Nina Raine’s Consent premiered at the National Theatre last year and has now transferred to the West End. I went to see it at the Harold Pinter Theatre.

The story turns around six friends, four of whom are lawyers focusing on rape cases. When we first meet them, Ed (Stephen Campbell Moore) and Kitty (Claudie Blakley) are celebrating the birth of their first child, their strong partnership contrasting with the shaky marriage of their friends Rachel (Sian Clifford) and Jake (Adam James) – there are strong hints of infidelity. At the same time, Ed is prosecuting a rape case opposite his friend Tim (Lee Ingleby), defending. It all seems like a game to these two blasé friends, chatting amiably behind the scenes while the defendant, Gayle (Heather Craney), who is almost certainly – it becomes apparent – telling the truth, suffers. Her fractured recollection of events is no match for the intellectual prowess of the lawyers cross-examining her. In a further subplot, Tim’s mates are trying to set him up with Kitty’s old school friend, actress Zara (Clare Foster), entangling the group even more.

I confess it took me a while to really get into this play, and at the end I still found that the central group’s stories were much less compelling than that of Gayle, who is almost reduced to a plot device. That said, I found much to admire in this clever and compelling piece. Morality is turned on its head: the self-righteous Kitty commits her own indiscretions; the calm, reasoning Ed becomes unhinged; and Jake, initially seen as nothing more than a philandering husband, is shown to be the most human and empathetic of the lot.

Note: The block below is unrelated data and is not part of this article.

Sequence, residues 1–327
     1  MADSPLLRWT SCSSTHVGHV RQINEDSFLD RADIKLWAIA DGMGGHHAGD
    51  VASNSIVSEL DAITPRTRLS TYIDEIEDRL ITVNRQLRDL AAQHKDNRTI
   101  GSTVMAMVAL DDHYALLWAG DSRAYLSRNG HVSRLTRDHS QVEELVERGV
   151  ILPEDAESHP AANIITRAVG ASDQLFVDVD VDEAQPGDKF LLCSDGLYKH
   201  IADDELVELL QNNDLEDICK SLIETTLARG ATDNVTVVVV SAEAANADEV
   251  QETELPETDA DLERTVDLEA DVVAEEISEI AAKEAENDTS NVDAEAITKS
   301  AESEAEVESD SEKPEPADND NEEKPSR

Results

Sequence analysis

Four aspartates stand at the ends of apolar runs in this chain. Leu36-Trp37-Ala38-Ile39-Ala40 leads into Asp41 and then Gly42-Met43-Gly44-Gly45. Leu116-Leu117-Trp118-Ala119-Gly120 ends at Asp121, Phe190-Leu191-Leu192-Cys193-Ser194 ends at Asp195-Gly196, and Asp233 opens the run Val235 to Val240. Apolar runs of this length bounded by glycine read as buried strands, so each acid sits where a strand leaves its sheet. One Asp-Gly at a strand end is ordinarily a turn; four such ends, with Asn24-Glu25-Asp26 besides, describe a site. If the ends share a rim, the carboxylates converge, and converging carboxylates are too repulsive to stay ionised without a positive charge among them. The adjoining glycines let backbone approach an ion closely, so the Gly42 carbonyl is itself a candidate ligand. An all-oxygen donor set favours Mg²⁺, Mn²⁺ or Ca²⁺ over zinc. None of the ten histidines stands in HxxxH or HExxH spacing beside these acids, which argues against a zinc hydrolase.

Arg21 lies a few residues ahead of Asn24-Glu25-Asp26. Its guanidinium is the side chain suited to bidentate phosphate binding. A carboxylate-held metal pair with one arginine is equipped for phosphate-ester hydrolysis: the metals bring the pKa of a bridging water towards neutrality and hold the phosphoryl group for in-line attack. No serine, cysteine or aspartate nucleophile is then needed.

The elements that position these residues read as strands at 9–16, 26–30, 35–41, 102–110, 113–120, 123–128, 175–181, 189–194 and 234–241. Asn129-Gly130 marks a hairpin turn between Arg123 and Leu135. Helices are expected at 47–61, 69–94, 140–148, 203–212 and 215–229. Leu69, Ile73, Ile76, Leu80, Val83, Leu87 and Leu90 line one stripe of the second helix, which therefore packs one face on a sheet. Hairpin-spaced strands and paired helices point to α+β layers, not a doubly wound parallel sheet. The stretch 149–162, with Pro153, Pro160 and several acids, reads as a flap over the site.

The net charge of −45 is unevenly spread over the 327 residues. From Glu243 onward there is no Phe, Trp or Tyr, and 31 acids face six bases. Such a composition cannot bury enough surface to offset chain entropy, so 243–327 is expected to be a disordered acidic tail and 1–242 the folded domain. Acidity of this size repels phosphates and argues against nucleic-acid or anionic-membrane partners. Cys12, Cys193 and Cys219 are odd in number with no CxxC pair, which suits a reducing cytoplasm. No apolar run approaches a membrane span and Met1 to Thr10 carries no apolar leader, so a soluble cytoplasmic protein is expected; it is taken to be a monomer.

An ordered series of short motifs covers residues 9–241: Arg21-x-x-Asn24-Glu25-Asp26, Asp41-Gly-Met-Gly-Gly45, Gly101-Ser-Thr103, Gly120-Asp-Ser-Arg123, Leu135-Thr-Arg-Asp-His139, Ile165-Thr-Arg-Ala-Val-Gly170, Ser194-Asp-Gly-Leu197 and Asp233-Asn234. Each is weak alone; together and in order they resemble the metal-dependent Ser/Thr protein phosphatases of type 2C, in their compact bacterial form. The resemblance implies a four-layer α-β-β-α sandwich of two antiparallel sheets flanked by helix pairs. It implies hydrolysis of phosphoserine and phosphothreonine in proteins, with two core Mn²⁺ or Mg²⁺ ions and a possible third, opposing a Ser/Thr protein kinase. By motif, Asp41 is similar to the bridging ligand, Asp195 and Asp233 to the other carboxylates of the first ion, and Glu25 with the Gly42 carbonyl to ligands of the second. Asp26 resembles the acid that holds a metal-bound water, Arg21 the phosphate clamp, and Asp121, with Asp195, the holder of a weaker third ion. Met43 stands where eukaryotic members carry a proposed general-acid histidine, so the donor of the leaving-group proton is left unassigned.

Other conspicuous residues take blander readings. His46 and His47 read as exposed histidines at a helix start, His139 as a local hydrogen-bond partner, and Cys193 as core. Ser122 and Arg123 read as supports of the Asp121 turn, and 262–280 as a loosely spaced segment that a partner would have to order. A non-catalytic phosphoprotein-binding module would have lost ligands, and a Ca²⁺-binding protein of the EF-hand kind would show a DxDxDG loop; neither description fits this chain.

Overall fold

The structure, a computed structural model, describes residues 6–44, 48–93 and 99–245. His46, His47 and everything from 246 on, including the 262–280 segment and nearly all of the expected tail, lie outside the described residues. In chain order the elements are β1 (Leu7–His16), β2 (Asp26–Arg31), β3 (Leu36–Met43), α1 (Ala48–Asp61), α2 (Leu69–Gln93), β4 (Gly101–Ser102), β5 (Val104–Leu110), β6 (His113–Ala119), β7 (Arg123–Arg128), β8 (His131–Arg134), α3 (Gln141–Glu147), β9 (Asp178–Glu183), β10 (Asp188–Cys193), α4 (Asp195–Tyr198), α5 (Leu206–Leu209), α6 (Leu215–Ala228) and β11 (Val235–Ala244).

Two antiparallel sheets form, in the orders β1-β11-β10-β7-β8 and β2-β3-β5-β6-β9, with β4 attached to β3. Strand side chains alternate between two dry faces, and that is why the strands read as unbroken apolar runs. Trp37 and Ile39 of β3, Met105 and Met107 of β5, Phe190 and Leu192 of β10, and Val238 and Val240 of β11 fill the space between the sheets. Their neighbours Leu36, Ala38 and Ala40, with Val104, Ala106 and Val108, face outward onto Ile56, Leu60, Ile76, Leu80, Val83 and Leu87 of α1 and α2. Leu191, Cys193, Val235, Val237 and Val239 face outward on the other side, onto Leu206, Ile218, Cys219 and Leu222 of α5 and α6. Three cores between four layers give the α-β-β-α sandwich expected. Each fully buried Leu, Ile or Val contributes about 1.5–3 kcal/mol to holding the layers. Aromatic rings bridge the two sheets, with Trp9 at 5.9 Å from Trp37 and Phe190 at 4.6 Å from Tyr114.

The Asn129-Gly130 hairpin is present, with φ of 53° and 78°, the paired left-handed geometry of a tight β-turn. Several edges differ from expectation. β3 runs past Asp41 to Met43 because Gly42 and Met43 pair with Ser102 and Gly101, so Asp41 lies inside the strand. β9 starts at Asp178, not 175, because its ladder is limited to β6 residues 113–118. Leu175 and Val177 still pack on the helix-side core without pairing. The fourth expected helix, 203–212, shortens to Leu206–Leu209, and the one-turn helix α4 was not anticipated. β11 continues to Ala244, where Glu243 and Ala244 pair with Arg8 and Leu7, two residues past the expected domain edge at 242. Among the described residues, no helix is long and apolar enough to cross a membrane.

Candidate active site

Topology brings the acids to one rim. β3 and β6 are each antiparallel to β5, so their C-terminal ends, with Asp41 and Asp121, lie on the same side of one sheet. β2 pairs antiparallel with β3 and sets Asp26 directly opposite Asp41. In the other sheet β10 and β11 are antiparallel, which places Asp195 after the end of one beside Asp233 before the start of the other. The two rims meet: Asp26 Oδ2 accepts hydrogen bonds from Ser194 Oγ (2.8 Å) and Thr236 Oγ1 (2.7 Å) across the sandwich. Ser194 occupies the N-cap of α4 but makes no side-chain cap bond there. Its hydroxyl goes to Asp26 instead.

It’s a play that asks difficult questions: can the accusation of rape be used as a weapon? How important is the policy of “innocent until proven guilty”? Are the intellectual twists and turns of the law courts the appropriate place for rape victims to get justice? I liked the references to ancient Greek drama and the undercurrents of violence that evoke the tragedies of Medea and the Oresteia in a middle-class neighbourhood in 21st-century London.

Overall, while I found this a play hard to love, it was certainly not hard to like, and it’s definitely worth seeing.


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